Friday, July 13, 2007

Lana Caplan

Roxbury artist Lana Caplan writes that “Since 2002, I’ve been researching former sites of public executions, interested in how the function of a place changes and what it holds of its history.”

The resulting photos and films are featured in her exhibit “Watch This,” which closes today at Gallery Naga. The photos are pretty great. Here are romantic shots of a hall that opens onto one of the grand plazas of Beijing’s Forbidden City (pictured above), London’s Marble Arch (below), Paris’ Louvre lit up at night (further below). The romance of the images is heightened by Caplan’s medium: sweet sepia toned silverprints. Then they’re elegantly framed with a legend printed beneath each scene.

The Forbidden City, the text explains, is the “Site of Sentencing and Public Executions by Beating; c. 1420 – 1912.” The London arch: “Site of Public Executions by Hanging from the Tyburn Tree Gallows, up to 25 people hanging at a time, averaging 35 hangings per year; 1571 - November 3, 1783.” The Louvre: “Site of Public Executions by Guillotine; 1792-1793.”

The texts are jarring next to the pretty pictures of pretty architecture. And they get you thinking about what the architecture symbolizes.

London’s Marble Arch was erected after the executions there ceased, and so the artistry of the arch could be interpreted as the pacification and civilization of the site. But the Forbidden City and Louvre (except for I.M. Pei’s glass pyramid) look much as they did when they were sites of public executions. And so I begin to read the buildings, in all their majestic beauty, as symbols of the power of the state, its elegant civilized refinement , its wealth, and its bloody orderly violence.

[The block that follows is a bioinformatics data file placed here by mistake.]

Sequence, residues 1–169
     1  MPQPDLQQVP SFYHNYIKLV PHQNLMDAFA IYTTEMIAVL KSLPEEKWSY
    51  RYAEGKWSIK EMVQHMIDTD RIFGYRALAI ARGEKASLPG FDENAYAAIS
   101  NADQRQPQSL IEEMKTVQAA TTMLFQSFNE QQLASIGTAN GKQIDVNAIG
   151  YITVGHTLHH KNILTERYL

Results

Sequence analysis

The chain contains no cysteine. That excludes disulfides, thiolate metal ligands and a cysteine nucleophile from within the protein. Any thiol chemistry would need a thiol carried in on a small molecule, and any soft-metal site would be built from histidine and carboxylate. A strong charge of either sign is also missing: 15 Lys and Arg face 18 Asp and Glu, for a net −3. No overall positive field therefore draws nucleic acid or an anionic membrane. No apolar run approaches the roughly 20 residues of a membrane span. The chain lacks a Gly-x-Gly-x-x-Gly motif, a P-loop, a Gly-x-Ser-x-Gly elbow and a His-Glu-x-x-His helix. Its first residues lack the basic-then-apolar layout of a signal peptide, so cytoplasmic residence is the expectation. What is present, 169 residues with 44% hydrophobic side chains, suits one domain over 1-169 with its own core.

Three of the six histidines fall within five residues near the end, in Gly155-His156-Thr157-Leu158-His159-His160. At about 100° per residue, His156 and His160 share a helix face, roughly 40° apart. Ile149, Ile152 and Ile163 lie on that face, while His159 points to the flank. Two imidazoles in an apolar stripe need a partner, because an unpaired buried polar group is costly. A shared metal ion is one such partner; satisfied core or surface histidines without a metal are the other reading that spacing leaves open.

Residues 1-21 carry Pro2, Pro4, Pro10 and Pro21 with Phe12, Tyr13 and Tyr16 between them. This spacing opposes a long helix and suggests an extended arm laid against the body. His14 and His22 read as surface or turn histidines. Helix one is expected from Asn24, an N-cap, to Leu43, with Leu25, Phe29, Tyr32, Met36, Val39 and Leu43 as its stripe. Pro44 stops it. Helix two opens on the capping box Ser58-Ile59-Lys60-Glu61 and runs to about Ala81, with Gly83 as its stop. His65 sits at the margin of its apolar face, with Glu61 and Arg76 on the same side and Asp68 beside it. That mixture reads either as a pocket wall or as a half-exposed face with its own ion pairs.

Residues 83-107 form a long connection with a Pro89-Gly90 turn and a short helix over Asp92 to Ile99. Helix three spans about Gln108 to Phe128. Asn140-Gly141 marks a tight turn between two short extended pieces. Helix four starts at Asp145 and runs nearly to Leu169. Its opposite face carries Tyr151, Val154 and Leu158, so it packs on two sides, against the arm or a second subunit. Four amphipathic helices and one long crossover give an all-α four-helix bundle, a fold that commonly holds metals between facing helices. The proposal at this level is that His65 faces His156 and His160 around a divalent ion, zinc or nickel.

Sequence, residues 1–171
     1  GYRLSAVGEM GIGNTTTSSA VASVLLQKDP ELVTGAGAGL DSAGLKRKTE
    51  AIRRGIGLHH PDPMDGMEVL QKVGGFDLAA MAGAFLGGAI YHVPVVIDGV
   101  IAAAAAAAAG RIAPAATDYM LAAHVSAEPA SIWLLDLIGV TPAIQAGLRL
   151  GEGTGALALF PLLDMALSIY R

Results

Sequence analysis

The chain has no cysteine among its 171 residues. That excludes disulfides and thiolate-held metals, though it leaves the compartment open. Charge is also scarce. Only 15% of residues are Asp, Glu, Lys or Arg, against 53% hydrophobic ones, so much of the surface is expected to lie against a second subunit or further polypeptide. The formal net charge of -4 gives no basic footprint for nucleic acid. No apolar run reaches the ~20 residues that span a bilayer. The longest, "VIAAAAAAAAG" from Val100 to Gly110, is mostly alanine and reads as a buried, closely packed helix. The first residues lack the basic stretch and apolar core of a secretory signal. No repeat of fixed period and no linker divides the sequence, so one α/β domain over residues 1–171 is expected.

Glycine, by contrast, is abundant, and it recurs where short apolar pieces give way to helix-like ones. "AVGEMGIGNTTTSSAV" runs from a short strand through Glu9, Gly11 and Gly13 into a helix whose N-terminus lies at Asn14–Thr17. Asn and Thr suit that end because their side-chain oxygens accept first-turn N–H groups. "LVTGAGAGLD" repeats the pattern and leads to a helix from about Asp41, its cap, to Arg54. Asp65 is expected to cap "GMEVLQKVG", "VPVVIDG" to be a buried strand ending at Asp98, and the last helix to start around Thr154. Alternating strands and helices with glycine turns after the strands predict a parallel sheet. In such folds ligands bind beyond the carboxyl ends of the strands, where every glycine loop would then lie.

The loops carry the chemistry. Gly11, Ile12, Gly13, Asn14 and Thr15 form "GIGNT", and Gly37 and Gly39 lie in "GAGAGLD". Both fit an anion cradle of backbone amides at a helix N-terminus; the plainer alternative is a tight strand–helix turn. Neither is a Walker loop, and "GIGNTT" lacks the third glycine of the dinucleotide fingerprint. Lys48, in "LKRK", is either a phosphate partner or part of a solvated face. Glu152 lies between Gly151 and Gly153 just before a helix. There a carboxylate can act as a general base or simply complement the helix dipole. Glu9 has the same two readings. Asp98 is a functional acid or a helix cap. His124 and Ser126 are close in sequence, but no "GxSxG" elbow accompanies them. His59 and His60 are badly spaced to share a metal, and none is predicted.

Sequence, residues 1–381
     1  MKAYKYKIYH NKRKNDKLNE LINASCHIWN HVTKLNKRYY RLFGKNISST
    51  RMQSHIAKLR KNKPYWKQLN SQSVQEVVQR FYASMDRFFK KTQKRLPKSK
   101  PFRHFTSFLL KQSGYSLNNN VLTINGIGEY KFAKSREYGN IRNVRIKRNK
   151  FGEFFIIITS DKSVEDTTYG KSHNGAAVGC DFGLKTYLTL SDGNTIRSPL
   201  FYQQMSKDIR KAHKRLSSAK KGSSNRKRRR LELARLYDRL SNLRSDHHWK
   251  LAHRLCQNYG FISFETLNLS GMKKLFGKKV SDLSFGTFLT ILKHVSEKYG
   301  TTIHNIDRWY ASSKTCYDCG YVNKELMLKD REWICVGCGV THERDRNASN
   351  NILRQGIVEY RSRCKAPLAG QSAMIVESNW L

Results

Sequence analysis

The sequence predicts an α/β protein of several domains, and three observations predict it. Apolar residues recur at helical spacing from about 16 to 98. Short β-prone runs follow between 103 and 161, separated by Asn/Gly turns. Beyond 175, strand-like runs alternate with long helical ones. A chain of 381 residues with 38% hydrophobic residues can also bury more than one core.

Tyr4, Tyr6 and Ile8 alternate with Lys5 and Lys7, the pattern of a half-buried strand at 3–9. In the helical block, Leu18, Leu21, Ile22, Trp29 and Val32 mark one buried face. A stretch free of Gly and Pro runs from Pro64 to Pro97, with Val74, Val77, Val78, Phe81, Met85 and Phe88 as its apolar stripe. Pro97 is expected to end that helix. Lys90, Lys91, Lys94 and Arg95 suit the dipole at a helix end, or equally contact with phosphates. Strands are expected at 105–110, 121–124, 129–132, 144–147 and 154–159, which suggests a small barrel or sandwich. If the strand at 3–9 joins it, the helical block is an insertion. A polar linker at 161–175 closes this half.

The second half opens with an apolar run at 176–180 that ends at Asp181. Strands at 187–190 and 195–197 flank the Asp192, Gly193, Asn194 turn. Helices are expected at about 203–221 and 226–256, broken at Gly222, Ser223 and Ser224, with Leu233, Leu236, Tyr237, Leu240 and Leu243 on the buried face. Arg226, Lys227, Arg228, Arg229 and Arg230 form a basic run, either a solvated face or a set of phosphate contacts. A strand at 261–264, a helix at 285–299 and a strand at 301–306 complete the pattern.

A couple videos of former execution sites – the arches of the Roman Coliseum (still from "In Out" below) and people in the Vatican’s St. Peter’s Square – aren’t as compelling. I think the stillness of the photos is more affecting than the jittery speed of the videos, which seems to draw attention to the formal aspects of the piece and away from the subject at hand.

Note that all public execution sites Caplan chooses here are foreign and, except for China, nations that have abolished capital punishment. I wonder what Caplan would do with Boston Common, where public hangings took place until 1817.

The show is rounded out by a pair of videos that you see by peeping into little white boxes mounted on the gallery wall. “Love in the Afternoon” features motorcycles leaping over the crest of hill, a bikini-clad lady running in surf, a couple passionately kissing and lots of scratchy film leader. “Drink Up” features smiles, wine glasses, ladies walking and a women’s cheek caressed by a man’s hand. The videos are nicely put together, but people have been making these sorts of cut-and-paste experimental films for decades and Caplan doesn’t add anything distinctive here.

Lana Caplan “Watch This,” Gallery Naga, 67 Newbury St., Boston, June 8 to July 13, 2007.


Post a Comment

<< Home